CAMBRIDGE, MA—Draper is developing a new family of electric motors and generators based on fundamentally different principles from e-motors used today. Underpinning the initiative is a recent patent on aspects of the technology.
Almost all electric motors use magnetism to generate torque. For centuries, engineers have known that forces from electric fields can also be harnessed to build motors, but these so-called electrostatic motors were considered too weak to compete with their electromagnetic cousins.
By leveraging state-of-the-art materials, novel designs and decades of fabrication expertise, Draper is developing powerful new electric motors that break the torque barrier suffered by previous electrostatic motors.
Draper’s approach to electric motors has numerous advantages over conventional electric motors, including drastically lower weight, higher efficiency, higher specific power and lower cost of materials. Draper’s new approach would benefit a vast range of technologies now dependent on electric motors, from electric vehicles to mobile defense applications, such as drones, and greatly extend their range and mobility.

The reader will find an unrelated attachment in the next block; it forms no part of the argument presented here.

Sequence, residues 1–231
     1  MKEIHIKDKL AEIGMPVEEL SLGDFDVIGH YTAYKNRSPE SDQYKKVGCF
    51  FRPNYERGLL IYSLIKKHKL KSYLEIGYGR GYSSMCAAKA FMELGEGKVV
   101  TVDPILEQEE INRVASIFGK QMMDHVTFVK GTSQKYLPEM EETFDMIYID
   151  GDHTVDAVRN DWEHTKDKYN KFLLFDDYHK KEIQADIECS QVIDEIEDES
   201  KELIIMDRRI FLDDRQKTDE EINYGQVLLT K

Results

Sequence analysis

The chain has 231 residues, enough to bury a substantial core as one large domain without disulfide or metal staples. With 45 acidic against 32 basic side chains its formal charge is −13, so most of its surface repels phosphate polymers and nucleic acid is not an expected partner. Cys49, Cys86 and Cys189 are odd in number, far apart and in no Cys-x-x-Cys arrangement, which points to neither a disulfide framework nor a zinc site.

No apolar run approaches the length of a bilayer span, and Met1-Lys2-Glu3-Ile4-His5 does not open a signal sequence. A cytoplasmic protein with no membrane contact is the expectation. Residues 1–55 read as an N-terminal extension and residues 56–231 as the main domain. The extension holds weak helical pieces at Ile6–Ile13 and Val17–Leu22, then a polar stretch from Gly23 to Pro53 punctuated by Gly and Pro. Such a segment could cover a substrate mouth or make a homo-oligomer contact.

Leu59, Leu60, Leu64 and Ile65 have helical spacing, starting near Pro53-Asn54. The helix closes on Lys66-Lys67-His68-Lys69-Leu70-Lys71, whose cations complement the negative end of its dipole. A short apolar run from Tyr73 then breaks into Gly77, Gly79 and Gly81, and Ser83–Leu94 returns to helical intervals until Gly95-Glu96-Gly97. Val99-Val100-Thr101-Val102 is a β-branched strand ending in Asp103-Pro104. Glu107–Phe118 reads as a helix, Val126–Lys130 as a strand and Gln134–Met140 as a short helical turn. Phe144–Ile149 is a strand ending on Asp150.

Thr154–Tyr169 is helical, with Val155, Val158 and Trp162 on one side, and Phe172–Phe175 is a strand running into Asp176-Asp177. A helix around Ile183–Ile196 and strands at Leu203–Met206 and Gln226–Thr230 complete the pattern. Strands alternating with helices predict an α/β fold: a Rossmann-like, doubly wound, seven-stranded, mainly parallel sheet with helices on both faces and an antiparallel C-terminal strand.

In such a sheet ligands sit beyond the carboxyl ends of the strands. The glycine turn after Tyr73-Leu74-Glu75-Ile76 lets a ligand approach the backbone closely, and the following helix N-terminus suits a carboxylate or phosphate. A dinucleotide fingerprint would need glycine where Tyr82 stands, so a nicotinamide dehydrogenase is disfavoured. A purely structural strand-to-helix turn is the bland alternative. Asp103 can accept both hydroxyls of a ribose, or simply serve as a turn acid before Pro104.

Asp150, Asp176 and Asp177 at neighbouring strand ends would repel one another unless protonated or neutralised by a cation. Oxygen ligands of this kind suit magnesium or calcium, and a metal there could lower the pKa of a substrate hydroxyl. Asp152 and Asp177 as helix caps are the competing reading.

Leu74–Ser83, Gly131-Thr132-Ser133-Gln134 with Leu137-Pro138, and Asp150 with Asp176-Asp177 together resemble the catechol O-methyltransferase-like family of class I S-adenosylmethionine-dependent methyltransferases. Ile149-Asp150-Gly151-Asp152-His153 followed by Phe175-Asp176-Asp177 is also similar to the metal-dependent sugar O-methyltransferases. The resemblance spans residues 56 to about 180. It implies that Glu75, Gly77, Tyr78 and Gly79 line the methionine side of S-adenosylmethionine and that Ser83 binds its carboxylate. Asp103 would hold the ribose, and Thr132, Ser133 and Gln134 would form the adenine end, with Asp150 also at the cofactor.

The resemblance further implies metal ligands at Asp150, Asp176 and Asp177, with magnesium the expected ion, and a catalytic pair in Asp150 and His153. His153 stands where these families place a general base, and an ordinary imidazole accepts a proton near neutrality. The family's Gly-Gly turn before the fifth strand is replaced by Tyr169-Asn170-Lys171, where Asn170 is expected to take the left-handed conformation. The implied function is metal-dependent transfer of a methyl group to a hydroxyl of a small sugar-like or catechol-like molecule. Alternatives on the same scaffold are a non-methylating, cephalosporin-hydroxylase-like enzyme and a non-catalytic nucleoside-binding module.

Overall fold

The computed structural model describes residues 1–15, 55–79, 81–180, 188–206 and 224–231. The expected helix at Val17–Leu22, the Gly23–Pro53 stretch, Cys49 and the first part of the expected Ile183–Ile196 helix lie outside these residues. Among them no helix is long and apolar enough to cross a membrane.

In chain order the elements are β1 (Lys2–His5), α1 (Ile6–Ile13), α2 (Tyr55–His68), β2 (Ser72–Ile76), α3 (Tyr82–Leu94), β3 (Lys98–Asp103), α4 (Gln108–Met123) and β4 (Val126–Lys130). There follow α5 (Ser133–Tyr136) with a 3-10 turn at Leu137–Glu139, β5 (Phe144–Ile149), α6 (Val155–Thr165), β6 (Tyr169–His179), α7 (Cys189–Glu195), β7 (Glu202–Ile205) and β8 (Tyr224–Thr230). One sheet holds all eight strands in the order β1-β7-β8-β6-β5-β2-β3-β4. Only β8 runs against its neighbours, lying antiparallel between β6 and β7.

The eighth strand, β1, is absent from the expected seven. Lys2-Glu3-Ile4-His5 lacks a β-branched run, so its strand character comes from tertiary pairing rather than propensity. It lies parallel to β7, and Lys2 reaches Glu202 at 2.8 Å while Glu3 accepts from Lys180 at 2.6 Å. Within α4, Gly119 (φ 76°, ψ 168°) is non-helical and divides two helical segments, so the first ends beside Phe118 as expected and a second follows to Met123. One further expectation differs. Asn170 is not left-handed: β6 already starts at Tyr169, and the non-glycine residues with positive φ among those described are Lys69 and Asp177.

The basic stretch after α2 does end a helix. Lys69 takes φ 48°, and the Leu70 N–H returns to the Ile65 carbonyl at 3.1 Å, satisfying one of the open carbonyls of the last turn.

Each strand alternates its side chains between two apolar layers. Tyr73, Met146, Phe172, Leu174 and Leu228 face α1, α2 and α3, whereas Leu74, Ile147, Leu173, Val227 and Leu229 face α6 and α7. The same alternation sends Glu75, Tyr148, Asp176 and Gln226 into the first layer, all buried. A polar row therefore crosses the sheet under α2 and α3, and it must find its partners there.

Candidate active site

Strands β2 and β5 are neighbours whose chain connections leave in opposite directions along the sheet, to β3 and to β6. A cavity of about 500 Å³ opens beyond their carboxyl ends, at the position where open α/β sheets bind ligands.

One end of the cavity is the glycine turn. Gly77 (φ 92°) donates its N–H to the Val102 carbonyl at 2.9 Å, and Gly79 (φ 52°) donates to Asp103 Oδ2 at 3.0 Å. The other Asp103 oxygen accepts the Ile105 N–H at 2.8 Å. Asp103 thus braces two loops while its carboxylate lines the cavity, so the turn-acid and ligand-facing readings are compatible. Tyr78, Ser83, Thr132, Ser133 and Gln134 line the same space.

“Our e-motors use thin electrodes and electrets which reduce weight by 80% or more as compared to conventional motors. This translates to a range extension of up to 40% for drones and up to 25% for electric vehicles based on our simulations,” said Sabrina Mansur, automotive business development manager at Draper. The company says its electric motors are designed without the use of rare earth materials, an important consideration in light of rising prices for these materials and reports of China’s potential ban on the export of rare earth materials.
Electric vehicles, drones, robots and other products require ever-increasing performance from electric motors, but are limited by the weight and cost of materials needed to make a conventional motor—steel, copper coils and rare earth magnets. Draper’s recently patented approach to electric motors, which is available to license, replaces those materials with thin, light and widely available materials.